So what makes a good Christmas film? It ultimately depends upon two things. Firstly, what are your views on Christmas? For some viewers the schmaltz of Love Actually or Elf might prove too much for any time of year; to these Scrooges, point yourselves towards Bad Santa or Kiss Kiss Bang Bang, two excellent films that subvert expectations on the relation between the season and the medium while providing just enough Christmas to keep the soul warm. Secondly, what are your film tastes? Film is a beautiful medium with something for everyone and yet traditional Christmas films are usually romantic and/or sentimental; to those who prefer their Christmas films fuelled by warmth and cheer, perhaps dig out The Nightmare Before Christmas or Capra’s It’s A Wonderful Life (for perhaps the hundredth time) – do not be ashamed for knowing you want to. Whatever your tastes, this is the time of year to wrap up warm and throw on a Christmas film with the family, no matter whether it is Black Christmas or Home Alone.
Five films to watch this Christmas:
Meet Me in St. Louis (1944): This is almost certainly a grandparents’ favourite; Judy Garland charms in Vincente Minelli’s Technicolour wonder. Famous for Garland’s original rendition of ‘Have Yourself a Merry Little Christmas’; this is cinema to soothe the soul.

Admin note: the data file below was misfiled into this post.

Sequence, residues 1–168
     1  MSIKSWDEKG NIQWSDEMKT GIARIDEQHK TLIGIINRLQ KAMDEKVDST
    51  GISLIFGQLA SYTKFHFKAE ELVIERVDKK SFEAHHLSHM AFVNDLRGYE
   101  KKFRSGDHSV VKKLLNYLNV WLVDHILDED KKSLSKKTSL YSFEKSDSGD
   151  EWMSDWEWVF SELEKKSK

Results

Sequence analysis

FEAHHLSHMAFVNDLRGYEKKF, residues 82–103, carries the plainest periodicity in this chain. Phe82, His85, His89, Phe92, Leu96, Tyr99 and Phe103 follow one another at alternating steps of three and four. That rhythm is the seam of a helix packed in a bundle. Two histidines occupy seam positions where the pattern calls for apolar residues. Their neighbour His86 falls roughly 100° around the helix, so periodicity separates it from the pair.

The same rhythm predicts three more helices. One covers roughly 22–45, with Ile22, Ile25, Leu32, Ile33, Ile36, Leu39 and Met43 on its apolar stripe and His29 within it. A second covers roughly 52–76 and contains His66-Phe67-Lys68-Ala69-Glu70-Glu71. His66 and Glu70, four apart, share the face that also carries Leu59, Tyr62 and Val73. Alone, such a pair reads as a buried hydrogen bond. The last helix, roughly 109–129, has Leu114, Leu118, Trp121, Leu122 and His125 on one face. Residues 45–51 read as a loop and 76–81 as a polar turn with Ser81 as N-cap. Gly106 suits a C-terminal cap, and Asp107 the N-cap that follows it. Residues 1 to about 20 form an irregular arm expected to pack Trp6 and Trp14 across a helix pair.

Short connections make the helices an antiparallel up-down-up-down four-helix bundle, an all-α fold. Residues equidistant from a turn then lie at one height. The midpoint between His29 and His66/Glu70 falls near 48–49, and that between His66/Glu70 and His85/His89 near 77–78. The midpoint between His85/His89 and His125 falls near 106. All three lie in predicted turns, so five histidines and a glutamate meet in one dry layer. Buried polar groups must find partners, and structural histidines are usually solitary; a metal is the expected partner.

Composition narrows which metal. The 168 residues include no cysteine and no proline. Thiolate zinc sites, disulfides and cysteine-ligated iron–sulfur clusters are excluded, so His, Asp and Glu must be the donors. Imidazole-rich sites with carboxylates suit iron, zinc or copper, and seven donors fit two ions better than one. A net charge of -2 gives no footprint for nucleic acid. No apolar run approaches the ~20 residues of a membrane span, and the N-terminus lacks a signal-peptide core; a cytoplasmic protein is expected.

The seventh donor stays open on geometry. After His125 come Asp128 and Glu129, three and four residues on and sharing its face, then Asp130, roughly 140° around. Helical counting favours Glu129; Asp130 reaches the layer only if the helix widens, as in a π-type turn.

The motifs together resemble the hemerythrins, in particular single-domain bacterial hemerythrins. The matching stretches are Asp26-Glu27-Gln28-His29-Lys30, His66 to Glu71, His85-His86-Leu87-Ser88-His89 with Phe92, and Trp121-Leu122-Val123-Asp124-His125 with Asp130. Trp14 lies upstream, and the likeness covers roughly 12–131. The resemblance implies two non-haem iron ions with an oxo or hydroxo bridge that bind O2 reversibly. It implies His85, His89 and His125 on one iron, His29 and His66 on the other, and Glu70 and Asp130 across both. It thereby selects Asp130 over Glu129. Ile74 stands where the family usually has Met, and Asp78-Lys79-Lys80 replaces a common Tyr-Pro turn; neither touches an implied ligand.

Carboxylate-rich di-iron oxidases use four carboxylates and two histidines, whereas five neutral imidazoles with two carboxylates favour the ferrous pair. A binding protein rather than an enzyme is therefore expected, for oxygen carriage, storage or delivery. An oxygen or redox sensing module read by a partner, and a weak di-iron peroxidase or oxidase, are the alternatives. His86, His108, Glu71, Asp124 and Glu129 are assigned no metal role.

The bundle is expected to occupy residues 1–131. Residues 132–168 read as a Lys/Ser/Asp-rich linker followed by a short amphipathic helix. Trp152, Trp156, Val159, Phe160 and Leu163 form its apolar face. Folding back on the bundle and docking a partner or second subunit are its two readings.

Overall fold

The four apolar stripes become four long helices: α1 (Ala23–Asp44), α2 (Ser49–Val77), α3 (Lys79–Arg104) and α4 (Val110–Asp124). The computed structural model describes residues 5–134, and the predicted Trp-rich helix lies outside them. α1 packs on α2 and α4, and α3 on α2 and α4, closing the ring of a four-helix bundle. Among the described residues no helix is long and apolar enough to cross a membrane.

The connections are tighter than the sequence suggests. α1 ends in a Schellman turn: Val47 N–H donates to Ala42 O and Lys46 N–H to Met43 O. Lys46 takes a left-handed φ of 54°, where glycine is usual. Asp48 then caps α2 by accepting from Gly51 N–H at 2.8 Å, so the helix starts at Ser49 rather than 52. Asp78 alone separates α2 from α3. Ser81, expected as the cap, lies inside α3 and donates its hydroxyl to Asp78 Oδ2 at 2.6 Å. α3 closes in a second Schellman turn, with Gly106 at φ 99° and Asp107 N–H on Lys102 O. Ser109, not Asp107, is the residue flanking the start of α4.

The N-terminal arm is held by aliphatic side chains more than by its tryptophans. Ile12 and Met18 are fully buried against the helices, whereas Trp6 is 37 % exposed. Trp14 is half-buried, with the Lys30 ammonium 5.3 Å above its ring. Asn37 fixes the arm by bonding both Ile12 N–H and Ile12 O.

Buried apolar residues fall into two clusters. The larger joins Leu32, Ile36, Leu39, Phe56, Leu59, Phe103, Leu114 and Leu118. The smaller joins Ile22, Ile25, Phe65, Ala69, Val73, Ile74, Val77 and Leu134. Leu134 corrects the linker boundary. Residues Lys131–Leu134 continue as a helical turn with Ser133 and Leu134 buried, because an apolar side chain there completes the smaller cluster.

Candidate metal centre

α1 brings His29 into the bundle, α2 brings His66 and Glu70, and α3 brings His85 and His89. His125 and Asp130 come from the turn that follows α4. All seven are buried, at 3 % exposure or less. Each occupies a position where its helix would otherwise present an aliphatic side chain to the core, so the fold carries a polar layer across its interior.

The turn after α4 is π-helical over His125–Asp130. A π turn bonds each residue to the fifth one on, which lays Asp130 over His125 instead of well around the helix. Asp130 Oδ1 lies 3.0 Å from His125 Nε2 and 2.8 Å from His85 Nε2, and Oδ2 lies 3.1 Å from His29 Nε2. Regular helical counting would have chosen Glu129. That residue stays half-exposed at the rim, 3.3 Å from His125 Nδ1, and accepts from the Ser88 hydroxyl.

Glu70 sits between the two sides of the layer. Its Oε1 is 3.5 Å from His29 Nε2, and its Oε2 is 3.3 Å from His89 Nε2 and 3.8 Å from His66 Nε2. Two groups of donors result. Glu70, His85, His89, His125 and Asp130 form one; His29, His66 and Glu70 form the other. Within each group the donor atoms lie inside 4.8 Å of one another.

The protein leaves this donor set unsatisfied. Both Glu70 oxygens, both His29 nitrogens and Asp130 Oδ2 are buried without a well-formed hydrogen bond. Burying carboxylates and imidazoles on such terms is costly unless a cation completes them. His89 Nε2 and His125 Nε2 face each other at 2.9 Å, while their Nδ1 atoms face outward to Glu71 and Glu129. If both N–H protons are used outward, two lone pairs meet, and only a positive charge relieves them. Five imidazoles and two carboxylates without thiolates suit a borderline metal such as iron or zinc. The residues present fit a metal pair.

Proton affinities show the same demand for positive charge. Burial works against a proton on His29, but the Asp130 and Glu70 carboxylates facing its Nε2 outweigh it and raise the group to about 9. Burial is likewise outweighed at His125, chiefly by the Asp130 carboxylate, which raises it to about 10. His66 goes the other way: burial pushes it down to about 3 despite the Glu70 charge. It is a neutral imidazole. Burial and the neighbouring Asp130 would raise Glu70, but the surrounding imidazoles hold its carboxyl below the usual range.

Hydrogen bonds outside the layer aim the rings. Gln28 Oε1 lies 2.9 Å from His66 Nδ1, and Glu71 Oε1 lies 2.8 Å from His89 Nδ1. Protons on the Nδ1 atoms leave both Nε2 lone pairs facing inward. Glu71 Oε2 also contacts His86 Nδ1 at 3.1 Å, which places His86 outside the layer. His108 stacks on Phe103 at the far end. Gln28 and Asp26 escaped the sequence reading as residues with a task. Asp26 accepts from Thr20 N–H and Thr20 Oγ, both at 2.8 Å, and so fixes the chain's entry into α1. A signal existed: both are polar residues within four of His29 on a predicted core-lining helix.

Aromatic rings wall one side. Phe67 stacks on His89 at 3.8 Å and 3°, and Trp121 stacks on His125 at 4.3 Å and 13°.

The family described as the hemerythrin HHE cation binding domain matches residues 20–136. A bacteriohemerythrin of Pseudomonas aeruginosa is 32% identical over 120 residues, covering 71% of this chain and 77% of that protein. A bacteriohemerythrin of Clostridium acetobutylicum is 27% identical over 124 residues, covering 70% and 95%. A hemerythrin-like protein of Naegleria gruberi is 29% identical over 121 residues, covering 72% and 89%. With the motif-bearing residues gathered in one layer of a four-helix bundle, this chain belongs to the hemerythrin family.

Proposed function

It’s A Wonderful Life (1946): A favourite for all ages; Frank Capra’s masterpiece rightly tops most ‘Best Of’ lists this time of year; it also has a truly magnificent ending.
Die Hard (1988): The other best Christmas film of all time! Bruce Willis’ Christmassy action-thriller was actually released in July, but has since claimed its place as the perfect anti-Christmas Christmas film of all you die-hard Scrooges out there.
Kiss Kiss Bang Bang (2005): Shane Black’s ice cool Christmas noir is a masterclass of clever plotting and whiplash dialogue. It also features Val Kilmer’s best role in years and the best Russian roulette scene since The Deer Hunter – a must-watch!
Rare Exports (2010): Jalmari Helander’s weird but fascinating festive horror film reassesses the myth of Santa Claus. It is striking, original, and rather unsettling, and would make for a great companion piece to Henry Selick and Tim Burton’s The Nightmare Before Christmas.